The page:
If the Trump administration can show such disregard for society’s most vulnerable people, what does that mean for clean water, endangered species and other environmental issues?

chain-link fence

The media images from the past few weeks have horrified us.

Children being torn from their grieving parents’ arms, locked in warehouses, abused and neglected, left crying and alone for the first time in their lives.

Such brutal actions showcase the stark indifference of President Trump, his administration, his cronies and his supporters when it comes to basic humanity. They don’t appear to care about individuals or families, and sometimes it looks as if they don’t care about anyone but themselves. Trump even announced this week that the U.S. would pull out of the United Nations Human Rights Council, which in itself sends a pretty clear message. And Trump’s midweek executive order ending the policy of family separations does nothing to solve the problems he’s already created. He has shown no signs that he will take steps to reunite families, let alone that he feels any remorse for his administration’s actions.

In the light of Trump’s public display of inhumanity — this shameful neglect of the people most in need of support and help — it becomes increasingly obvious that the administration and its supporters pose a threat not just to immigrant children, but to everyone on the planet.

After all, if someone can order a child to be ripped away from its crying mother and locked behind a metal chain-link fence, then they also likely have the disposition to pollute a river, build a fracking operation near a school, bulldoze habitat for an endangered species, allow a species to go extinct, prioritize the burning of planet-warming fossil fuels to enrich their cronies, and so much more.

Want proof that the planet is in peril from the same people perpetrating these civil-rights violations? Just look at the threads running through the actions the Trump administration has taken since these immigrant internment camps came to light. In the past week alone, they’ve rescinded protections for oceans and the Great Lakes; sold mining rights on land once part of Utah’s Grand Staircase-Escalante National Monument; launched a plan to weaken greater sage grouse protections; moved to block chemical-disaster safety rules; backed a plan to lift restrictions on 800,000 acres of public lands in Montana, including key wilderness areas; passed the latest Farm Bill in the House, which would roll back pesticide restrictions that protect endangered species; and initiated a process to make sweeping changes to the National Environmental Policy Act, which governs how all federal agencies analyze their environmental impacts.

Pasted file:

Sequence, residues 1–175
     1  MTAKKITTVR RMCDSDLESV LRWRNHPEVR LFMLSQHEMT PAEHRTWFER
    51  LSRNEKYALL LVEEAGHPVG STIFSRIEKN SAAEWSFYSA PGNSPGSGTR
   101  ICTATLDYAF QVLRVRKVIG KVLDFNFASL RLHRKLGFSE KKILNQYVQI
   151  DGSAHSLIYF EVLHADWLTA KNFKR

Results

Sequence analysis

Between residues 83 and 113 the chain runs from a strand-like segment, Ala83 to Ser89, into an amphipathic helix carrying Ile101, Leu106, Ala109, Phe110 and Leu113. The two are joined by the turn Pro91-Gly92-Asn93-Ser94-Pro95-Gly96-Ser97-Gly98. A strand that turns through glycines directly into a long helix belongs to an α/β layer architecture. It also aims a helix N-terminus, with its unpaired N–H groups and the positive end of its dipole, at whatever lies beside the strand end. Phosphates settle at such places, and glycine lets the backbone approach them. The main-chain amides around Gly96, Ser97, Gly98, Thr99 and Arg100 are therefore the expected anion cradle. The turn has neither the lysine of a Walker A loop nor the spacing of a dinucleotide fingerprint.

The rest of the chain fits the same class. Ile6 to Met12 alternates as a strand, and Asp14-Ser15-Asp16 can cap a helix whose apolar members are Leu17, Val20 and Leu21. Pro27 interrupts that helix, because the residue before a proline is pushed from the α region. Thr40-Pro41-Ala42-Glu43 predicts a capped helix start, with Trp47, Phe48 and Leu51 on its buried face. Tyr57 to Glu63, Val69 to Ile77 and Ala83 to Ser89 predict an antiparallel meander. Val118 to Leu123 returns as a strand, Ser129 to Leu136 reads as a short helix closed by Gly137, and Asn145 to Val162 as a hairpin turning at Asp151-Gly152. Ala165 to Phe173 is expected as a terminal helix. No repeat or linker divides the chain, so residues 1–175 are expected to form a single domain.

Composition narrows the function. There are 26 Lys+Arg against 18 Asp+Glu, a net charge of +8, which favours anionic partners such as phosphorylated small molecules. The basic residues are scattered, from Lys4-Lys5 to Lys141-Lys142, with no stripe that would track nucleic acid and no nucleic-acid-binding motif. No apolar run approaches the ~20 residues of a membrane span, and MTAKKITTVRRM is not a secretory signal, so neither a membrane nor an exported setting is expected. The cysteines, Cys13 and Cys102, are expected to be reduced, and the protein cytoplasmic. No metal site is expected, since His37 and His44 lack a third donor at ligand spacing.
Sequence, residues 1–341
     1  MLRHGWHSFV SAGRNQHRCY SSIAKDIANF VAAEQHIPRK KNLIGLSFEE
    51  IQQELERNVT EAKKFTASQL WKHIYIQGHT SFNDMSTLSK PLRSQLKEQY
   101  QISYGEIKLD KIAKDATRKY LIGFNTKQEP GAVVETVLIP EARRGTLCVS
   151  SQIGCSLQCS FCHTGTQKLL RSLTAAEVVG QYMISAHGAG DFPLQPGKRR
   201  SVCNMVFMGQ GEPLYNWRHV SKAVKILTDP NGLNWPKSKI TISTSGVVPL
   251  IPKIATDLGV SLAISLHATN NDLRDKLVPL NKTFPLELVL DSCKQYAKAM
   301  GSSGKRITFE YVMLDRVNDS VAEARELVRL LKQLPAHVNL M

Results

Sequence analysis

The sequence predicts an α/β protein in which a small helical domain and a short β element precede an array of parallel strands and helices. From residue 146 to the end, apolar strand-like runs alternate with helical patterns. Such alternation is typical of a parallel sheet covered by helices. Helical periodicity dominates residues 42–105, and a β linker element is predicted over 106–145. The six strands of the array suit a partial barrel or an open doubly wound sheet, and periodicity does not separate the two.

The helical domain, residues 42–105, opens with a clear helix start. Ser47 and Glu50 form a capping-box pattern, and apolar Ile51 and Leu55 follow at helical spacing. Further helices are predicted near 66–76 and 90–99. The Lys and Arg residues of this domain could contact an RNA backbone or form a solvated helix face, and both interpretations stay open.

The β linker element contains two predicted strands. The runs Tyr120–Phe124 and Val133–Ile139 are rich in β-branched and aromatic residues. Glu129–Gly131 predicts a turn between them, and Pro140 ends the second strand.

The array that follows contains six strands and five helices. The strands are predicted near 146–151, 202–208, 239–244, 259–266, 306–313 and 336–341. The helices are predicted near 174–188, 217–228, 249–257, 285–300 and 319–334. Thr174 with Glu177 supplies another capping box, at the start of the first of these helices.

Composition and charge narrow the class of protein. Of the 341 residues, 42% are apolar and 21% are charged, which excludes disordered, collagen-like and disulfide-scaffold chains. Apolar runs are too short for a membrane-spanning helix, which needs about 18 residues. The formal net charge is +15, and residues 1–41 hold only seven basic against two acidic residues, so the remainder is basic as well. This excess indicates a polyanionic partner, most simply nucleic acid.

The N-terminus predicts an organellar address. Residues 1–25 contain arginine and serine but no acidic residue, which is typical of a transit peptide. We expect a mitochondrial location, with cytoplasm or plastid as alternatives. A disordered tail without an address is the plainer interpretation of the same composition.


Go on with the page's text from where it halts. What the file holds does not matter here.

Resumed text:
These and other actions form an ever-growing quilt of industry-friendly decisions that will hurt people, wildlife and the environment we all live in for decades — and they happened while we were (quite rightly) focused on the border and angry about the seizure of immigrant children.

And sadly, not one of these actions received much media attention.

That’s exactly the way administration wants it. Presidential advisor Stephen Miller, architect of the immigration policy, has said that he feels voters will see immigration as the only topic worth voting on, and that the anger and fear Trump has stoked will drive more wins for his team. That will just leave the administration with even more power to target additional environmental regulations and protections that hold back corporate profits — and to make the world a dirtier, sicker, less natural place.

Because after all, if you can take children away from the most vulnerable parents in the world, what’s to stop you from taking away everything else?

John R. Platt

is the editor of The Revelator. An award-winning environmental journalist, his work has appeared in Scientific American, Audubon, Motherboard, and numerous other magazines and publications. His “Extinction Countdown” column has run continuously since 2004 and has covered news and science related to more than 1,000 endangered species. He is a member of the Society of Environmental Journalists and the National Association of Science Writers. John lives on the outskirts of Portland, Ore., where he finds himself surrounded by animals and cartoonists.

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